An intensely gripping tale with a surprise ending that’s fully earned.

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THE VANISHING SEASON

In this moody thriller set on an isolated Wisconsin peninsula, the tourists are gone, a serial killer’s at large, and incendiary passions ignite in winter’s deepening bitter cold.

Smart, responsible Maggie is every parent’s dream. She hasn’t complained about leaving her Chicago life and friends behind for the shabby house in Door County, where she knows no one; aware that her parents are doing their best in difficult times, she wants to spare them knowledge of her unhappiness. Her new friend—beautiful, impulsive Pauline from the mansion next door, who takes abundance for granted—draws Maggie into her world, which includes Liam, who’s been in love with Pauline for years. Though Pauline insists she doesn’t reciprocate, Maggie notices their interdependence. She observes Pauline’s beauty, wealth and freedom with wry detachment, but she needs all her self-control to tamp down her growing attraction to Liam. A series of unsolved murders whose victims are local young women provides narrative counterpoint. Community benefits are held for the survivors, but parents guard their daughters fearfully. Trust’s in short supply. After Pauline’s sent to Milwaukee for her protection, Liam and Maggie draw closer, and Maggie’s swept away. As she did in Tiger Lily (2012), Anderson provides an observer’s voice, a sort of pared-down Greek chorus, that foreshadows and warns of what is coming while remaining helpless to prevent it.

An intensely gripping tale with a surprise ending that’s fully earned. (Fiction. 12 & up)

Pub Date: July 1, 2014

ISBN: 978-0-06-200327-0

Page Count: 272

Publisher: Harper/HarperCollins

Review Posted Online: May 4, 2014

Kirkus Reviews Issue: May 15, 2014

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A lackluster take on a well-worn trope.

THE TWIN

After a family tragedy, 16-year-old Ivy Mason hopes to reconnect with her aloof identical twin sister, Iris—but Iris has other plans.

When Ivy’s parents divorced 10 years ago, Ivy stayed with her father while Iris went to live with their mother. When their mother dies after falling off a bridge while jogging, Iris comes to live with Ivy and their father. Narrator Ivy is reeling (she even goes to therapy), but Iris seems strangely detached, only coming to life when Ivy introduces her to her best friends, Haley and Sophie, and her quarterback boyfriend, Ty. However, Ivy isn’t thrilled when Iris wants to change her class schedule to match hers, and it’s not long before Iris befriends Ivy’s besties and even makes plans with them that don’t include Ivy. Iris even joins the swim team where Ivy is a star swimmer. As Iris’ strange behavior escalates, Ivy starts to suspect that their mother’s death might not have been an accident. Is Iris up to no good, or is Ivy just paranoid? In the end, readers may not care. There are few surprises to be found in a narrative populated by paper-thin characters stuck fast in a derivative plot. Even a jarring final twist can’t save this one. Most characters seem to be white, but there is some diversity in secondary characters.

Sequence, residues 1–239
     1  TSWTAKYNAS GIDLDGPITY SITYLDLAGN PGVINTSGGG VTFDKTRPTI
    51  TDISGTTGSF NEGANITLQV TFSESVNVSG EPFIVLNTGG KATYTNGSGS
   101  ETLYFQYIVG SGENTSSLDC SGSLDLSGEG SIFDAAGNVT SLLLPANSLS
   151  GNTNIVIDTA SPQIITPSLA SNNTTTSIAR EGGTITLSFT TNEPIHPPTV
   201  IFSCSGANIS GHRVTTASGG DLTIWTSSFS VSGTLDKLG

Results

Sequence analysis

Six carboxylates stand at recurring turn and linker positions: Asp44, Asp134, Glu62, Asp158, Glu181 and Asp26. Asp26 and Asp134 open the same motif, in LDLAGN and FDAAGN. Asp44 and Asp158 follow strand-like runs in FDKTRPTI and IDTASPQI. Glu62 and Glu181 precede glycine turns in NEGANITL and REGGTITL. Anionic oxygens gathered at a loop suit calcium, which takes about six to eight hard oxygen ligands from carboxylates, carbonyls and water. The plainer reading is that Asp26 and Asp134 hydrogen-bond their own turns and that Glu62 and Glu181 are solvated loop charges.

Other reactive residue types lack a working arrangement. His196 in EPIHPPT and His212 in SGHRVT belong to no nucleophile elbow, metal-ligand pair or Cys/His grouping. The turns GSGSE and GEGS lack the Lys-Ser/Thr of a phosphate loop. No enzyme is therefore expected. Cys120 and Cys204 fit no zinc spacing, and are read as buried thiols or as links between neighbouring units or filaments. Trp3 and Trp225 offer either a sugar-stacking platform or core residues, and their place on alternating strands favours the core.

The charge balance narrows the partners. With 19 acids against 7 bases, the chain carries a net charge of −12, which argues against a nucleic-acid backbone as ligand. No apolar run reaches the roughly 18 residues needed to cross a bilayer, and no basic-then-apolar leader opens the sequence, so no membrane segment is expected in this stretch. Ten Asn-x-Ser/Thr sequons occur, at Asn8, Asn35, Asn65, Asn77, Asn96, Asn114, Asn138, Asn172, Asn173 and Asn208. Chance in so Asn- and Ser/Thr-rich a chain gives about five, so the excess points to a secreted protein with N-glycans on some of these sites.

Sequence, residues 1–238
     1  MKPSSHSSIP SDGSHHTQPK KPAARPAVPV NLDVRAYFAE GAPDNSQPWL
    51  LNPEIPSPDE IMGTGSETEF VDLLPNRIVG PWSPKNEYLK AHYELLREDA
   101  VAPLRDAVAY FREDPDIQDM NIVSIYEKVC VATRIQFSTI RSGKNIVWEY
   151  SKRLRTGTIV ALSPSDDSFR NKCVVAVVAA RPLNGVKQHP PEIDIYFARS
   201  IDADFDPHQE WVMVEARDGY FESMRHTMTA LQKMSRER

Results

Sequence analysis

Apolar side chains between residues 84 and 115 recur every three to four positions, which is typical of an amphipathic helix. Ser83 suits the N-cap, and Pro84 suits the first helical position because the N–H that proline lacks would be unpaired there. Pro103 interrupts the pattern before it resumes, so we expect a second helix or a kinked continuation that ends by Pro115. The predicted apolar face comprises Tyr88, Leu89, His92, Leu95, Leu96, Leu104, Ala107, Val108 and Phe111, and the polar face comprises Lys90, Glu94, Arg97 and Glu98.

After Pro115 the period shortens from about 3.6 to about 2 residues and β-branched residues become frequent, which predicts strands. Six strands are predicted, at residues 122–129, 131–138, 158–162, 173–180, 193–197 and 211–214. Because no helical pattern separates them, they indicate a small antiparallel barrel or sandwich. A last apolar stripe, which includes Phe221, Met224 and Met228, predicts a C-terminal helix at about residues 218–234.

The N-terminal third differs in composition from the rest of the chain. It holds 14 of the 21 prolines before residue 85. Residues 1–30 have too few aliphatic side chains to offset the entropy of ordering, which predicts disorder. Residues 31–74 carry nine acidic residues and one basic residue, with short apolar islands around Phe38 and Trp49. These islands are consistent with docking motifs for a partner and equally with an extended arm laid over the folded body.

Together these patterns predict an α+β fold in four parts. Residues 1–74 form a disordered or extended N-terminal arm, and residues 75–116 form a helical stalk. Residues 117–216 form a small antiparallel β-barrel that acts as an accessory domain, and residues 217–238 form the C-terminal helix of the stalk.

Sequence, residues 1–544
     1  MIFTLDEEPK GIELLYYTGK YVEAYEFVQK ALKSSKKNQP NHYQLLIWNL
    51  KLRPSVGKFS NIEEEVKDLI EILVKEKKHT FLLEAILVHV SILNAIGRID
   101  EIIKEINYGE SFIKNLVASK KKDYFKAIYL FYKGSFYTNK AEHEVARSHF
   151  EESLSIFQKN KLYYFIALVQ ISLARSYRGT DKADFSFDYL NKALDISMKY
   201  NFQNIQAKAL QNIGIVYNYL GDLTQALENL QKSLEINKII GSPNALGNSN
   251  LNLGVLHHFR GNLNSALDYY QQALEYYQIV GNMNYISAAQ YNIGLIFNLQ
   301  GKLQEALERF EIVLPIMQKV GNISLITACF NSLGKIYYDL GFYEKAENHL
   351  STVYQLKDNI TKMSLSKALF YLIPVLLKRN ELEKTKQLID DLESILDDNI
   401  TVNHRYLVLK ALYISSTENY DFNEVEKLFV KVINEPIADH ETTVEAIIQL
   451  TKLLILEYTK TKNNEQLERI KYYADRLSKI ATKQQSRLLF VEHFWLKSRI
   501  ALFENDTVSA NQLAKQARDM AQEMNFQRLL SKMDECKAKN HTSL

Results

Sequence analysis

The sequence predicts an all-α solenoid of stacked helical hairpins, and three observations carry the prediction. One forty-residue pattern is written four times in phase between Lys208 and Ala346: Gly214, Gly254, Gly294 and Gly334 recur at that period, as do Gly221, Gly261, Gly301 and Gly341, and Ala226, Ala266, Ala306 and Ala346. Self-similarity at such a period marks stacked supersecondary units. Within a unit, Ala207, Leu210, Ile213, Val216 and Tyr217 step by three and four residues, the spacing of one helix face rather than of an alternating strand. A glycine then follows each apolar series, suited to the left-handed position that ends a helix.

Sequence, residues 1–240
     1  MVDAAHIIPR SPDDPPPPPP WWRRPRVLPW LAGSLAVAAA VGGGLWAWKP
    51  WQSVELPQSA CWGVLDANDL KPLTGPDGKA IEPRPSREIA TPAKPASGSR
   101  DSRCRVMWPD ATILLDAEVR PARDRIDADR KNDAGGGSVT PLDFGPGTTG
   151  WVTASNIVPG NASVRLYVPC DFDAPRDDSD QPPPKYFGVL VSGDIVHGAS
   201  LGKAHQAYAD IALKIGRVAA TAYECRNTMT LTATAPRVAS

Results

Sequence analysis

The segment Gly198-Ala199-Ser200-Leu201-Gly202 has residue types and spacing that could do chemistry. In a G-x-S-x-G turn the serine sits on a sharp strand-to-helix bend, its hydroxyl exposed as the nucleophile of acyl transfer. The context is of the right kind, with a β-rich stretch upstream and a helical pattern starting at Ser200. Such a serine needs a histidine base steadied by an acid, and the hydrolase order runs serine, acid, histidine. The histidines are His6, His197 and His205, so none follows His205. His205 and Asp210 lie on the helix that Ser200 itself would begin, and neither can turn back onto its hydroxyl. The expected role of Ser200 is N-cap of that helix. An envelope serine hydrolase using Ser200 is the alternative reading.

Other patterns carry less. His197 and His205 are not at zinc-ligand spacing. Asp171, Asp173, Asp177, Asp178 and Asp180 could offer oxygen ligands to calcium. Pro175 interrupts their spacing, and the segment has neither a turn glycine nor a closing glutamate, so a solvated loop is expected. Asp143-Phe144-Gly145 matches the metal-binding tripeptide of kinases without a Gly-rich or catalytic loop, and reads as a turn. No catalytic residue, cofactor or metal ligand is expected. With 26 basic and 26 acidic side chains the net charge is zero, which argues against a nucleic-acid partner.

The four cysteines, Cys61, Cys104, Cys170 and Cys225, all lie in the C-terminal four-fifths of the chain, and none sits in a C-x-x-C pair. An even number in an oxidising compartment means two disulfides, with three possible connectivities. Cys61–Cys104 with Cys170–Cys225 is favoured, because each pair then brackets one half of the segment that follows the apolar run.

A lackluster take on a well-worn trope. (Thriller. 13-18)

Pub Date: March 3, 2020

ISBN: 978-0-593-12496-3

Page Count: 384

Publisher: Delacorte

Review Posted Online: Jan. 23, 2020

Kirkus Reviews Issue: Feb. 15, 2020

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Many teen novels touch on similar themes, but few do it so memorably.

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ALL THE BRIGHT PLACES

Two struggling teens develop an unlikely relationship in a moving exploration of grief, suicide and young love.

Violet, a writer and member of the popular crowd, has withdrawn from her friends and from school activities since her sister died in a car accident nine months earlier. Finch, known to his classmates as "Theodore Freak," is famously impulsive and eccentric. Following their meeting in the school bell tower, Finch makes it his mission to re-engage Violet with the world, partially through a school project that sends them to offbeat Indiana landmarks and partially through simple persistence. (Violet and Finch live, fortunately for all involved, in the sort of romantic universe where his throwing rocks at her window in the middle of the night comes off more charming than stalker-esque.) The teens alternate narration chapter by chapter, each in a unique and well-realized voice. Finch's self-destructive streak and suicidal impulses are never far from the surface, and the chapters he narrates are interspersed with facts about suicide methods and quotations from Virginia Woolf and poet Cesare Pavese. When the story inevitably turns tragic, a cast of carefully drawn side characters brings to life both the pain of loss and the possibility of moving forward, though some notes of hope are more believable than others.

Many teen novels touch on similar themes, but few do it so memorably. (Fiction. 14 & up)

Pub Date: Jan. 6, 2015

ISBN: 978-0-385-75588-7

Page Count: 400

Publisher: Knopf

Review Posted Online: Oct. 1, 2014

Kirkus Reviews Issue: Oct. 15, 2014

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